At the moment there's little here except a ZESCO power station, and a turning to the ferry over the Zambezi into Botswana, which is reliable and large enough to take several trucks at a time. However, until recently there were two ferries here… but one sank in September 2003 after an overloaded lorry drove on to it – drowning nine people. At time of writing, there is only one working!
The ferry journey costs about US$25 per vehicle, the precise amount depending on the vehicle's size. Once on the Zambezi's south bank, it's a few kilometres to a junction. Left leads you to the land border into Zimbabwe; straight on brings you immediately to a disease control post. Here your vehicle will be driven through a puddle of insecticide and you'll be asked to stamp your shoes on an impregnated mat. You'll also be checked to make sure that you're not importing banned animal products – like fresh meat, milk, bones or skins. (All part of Botswana's zealous efforts to protect their national herd from diseases.) Under 2km later and there's a right turn to Kasane, while straight on leads to Nata and Francistown. This second junction is about 12km east of Kasane town.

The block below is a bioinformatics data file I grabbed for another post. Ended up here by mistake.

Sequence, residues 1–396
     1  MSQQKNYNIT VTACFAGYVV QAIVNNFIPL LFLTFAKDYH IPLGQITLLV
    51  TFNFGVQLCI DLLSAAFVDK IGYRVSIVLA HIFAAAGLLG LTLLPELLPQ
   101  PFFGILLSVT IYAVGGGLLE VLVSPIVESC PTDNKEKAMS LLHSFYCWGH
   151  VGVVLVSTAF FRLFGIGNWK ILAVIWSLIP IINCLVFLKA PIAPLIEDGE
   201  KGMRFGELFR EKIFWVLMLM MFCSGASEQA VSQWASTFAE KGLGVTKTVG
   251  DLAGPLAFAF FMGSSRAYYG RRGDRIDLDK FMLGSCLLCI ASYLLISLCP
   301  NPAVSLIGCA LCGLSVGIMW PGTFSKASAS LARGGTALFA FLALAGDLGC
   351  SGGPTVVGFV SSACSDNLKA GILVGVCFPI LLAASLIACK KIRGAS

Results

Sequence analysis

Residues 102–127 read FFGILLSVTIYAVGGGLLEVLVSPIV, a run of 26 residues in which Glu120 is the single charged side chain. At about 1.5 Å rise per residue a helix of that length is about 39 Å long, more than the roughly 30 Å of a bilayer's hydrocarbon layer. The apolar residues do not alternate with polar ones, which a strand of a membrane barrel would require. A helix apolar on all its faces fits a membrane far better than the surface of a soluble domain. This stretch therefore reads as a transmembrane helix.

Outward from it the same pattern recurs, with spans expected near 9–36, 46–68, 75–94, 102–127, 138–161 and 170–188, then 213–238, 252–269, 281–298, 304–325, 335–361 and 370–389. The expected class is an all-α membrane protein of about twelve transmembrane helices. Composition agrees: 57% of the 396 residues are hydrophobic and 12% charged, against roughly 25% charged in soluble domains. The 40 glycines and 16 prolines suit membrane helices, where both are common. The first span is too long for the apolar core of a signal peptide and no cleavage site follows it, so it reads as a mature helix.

Where to stay
There's currently nowhere to stay here, although last time I passed a large thatched roof was being erected … which looked as if it might be for the entrance to a lodge. With the opening of the Sesheke Bridge, and the tarring of the road to Livingstone, it's highly likely that more lodges and camps will spring up along this section of the Upper Zambezi.
Getting there and away
Buses link Mongu and Livingstone once or twice per week, so if you're heading for Botswana, then hop on one of these and get off at Kazungula. The ferry to Botswana is a good place to hitchhike. After that, to get into Kasane or to head for Nata, you should walk the short distance to the disease control post, which makes a perfect hitchhiking spot as vehicles have to stop here anyway.